This is a forum copy of the transcript for the video at:
It Yourself (DIY) Blood Pressure - Part 1
and also at:
Undoctored Blog: DIY Blood Pressure: Part 1
Wheat Belly Blog: DIY Blood Pressure: Part 1
For why this is here, see this revised Reply
in an earlier transcript thread.
This is part one of what I call DIY (do-it-yourself) blood pressure management. So, you’re often told that: you can’t do it; you’re too dumb/misinformed; don’t have the tools, etc. I’ll tell you the opposite: you can do a better job than your doctor, now that we have better tools, and a better understanding of high blood pressure.
The first thing you’re going to need is a blood pressure monitor. Now there’s many excellent blood pressure monitors out there, but there’s a few basic ground rules to follow:
- Do not get blood pressure monitors that measure blood pressure in the finger. They’re convenient, they’re cute, and they’re inexpensive, but you don’t want that, because they’re not accurate.
- Don’t get a blood pressure monitor that measures blood pressure in the wrist. Those likewise are inaccurate.
You want a blood pressure monitor that wraps around the upper arm. And there are many of those — many good manufacturers, like Becton Dickinson and Omron.
One of my favorites is what I have here. This is a Withings device. It’s wireless, a Bluetooth device. It’s self wrapping, it’s got velcro [you heard that]. Then you put it on your arm and, easy as that. I take my smartphone. It’s got an app on there that I downloaded, and it activates the blood pressure monitor and self-inflates. I love this device because it’s so effortless. It takes only a minute. It’s made by Withings [now Nokia], and the app tracks your blood pressure which is very convenient — don’t have to enter any numbers.
And what I like about this is you can even get your blood pressure while you’re walking, doing something, like on a treadmill. You know that’s a whole other conversation, for another video, another other report, that blood pressure during exercise is a very very helpful value.
Because you don’t have to pump it up with one of those bulbs — to pump air into; it does it by itself very nicely; you can actually take your blood pressure while you’re walking a treadmill.
Qardio (that’s Qardio with a “Q”), also makes a very similar wireless Bluetooth device.
Now these Bluetooth devices are a few dollars more. Where you can get a very nice non-Bluetooth device, even self-inflating, for $59 or $69, these wireless self-inflating Bluetooth-enabled devices tend to be more like $99. Some are discounted, in some retailers, but it’s a little bit more expensive. I think it’s worth the extra few dollars because of the ease, of tracking, the ease of data entry, ease of inflation, and then added benefit if you ever need to, in future, get exercise blood pressure; these things are really good. So the first step in DIY high blood pressure is to have a device that allows you to measure blood pressure.
Now the reason why you can do a better job in managing blood pressure (and we’ll talk in part two about how to reduce your blood pressure) is that you’re not going use drugs. Now the drugs are very imperfect.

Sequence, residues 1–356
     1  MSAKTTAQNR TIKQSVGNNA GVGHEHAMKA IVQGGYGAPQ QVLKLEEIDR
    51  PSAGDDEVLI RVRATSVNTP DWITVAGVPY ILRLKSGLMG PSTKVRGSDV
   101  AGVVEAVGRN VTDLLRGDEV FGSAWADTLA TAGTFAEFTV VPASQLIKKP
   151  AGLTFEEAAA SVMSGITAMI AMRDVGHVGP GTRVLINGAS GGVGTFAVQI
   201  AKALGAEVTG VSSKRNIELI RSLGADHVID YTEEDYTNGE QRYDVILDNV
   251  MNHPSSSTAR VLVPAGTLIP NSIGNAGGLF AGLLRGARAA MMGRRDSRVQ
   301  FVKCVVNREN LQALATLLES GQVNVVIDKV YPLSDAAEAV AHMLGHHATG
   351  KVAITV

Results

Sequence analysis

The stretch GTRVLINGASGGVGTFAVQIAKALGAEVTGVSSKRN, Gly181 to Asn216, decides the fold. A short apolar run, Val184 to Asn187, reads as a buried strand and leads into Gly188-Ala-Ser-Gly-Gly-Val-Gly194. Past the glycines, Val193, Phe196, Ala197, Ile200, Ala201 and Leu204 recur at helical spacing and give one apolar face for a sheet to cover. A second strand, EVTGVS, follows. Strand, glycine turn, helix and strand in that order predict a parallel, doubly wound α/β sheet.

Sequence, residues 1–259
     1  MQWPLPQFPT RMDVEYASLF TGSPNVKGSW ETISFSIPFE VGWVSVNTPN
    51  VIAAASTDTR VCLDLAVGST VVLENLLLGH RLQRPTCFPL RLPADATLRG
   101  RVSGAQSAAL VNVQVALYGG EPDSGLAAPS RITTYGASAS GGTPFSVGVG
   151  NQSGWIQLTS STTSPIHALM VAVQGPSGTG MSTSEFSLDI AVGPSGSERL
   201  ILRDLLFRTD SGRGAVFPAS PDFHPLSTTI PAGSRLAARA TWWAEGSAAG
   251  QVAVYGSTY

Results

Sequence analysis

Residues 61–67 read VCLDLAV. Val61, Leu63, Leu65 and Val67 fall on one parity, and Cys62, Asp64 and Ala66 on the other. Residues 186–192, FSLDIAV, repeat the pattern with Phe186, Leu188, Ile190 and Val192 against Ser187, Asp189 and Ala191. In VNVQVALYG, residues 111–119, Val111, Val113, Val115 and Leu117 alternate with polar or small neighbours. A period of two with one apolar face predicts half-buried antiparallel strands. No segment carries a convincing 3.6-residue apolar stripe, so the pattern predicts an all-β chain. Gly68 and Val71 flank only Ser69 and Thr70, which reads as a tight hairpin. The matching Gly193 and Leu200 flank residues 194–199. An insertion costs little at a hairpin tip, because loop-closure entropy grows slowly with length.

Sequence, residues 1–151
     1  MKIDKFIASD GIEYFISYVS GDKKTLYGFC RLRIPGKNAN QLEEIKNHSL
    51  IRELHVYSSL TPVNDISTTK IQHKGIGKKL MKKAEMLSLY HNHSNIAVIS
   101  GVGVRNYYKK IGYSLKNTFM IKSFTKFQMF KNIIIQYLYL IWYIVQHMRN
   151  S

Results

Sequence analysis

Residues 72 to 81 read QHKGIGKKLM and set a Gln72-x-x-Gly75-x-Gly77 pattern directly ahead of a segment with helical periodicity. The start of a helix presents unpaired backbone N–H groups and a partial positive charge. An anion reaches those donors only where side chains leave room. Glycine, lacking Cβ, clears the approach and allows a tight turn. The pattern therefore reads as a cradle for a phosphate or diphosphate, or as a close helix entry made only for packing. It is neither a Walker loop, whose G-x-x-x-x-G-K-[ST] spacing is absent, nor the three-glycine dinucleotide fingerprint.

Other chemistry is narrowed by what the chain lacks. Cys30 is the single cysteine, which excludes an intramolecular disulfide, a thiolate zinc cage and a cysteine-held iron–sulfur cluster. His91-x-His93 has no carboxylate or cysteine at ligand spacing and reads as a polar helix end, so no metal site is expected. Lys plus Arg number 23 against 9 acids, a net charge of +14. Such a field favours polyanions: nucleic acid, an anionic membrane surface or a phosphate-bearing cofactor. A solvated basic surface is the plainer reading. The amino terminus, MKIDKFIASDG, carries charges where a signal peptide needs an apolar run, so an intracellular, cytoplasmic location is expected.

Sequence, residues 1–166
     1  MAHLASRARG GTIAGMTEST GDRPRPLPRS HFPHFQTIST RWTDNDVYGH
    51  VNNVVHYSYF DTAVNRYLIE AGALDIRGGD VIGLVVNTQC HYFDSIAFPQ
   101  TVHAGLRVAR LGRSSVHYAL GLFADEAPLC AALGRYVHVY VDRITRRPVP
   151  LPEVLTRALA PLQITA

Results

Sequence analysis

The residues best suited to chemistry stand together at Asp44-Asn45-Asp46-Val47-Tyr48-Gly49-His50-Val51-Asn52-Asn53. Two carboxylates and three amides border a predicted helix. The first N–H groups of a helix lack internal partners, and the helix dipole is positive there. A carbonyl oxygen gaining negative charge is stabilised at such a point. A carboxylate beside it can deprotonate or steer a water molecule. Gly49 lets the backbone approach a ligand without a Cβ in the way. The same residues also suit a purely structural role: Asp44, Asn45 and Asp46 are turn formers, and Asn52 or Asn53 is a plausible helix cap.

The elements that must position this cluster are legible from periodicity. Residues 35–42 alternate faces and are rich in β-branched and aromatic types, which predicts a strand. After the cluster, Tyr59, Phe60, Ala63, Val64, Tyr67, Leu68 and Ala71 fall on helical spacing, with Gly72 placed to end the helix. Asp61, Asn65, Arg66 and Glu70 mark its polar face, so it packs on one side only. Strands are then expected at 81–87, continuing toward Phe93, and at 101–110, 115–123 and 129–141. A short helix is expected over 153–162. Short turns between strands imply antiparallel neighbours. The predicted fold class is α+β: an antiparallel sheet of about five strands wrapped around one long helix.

So the first drug advised by primary care doctors, cardiologists, etc. are diuretics, like hydrochlorothiazide. These so-called thiazide diuretics are awful. One, they cause you to be dehydrated. So wait a minute. Aren’t we told that hydration is good for you? It prevents kidney stones, it keeps you alert and healthy, right? And yet, we’re given a dehydrating agent to reduce blood pressure. So that’s one problem. They have metabolic problems. They raise blood sugar, for instance. They raise triglycerides. They reduce HDL. And, there’s risk for sudden cardiac death. You could take this “benign” drug for your blood pressure, a thiazide diuretic, and die, because thiazide diuretics cause pretty substantial loss of potassium and magnesium in the urine. And low potassium, low magnesium, are causes, and fairly common causes, of sudden cardiac death. It takes months to years for that to happen, but it does happen. I’ve seen it happen many times.
There are other drugs that have adverse implications, like beta blockers; beta blockers like metoprolol, nebivolol, carvedilol, labetalol (they all end in that “…ol”), there’s others, raise your blood sugar, raise triglycerides, reduce HDL, and they make you gain weight, or block weight loss, and they make you tired. So they’re lousy. Now there’s other drugs, but they all have problems.
And so the reason why you can do a better job than your doctor in blood pressure is because you’re not using drugs. The drugs are not perfect. They introduce a whole collection of problems all of their own. That’s why a person who’s taking say, three blood pressure drugs, and obtains a normal blood pressure, still has increased heart attack and stroke risk, compared to a person who reduced blood pressure to normal using natural means. Because that that person using natural means is not exposed the excess or residual risk of drugs. You’re not, for instance, being exposed the risk for sudden cardiac death, higher blood sugar, of a thiazide diuretic or a beta blocker.
So you can obtain better results in blood pressure management, on your own. Start with the blood pressure monitor, a good one. Get comfortable with it, and then we’ll talk about how to use this device in a future conversation.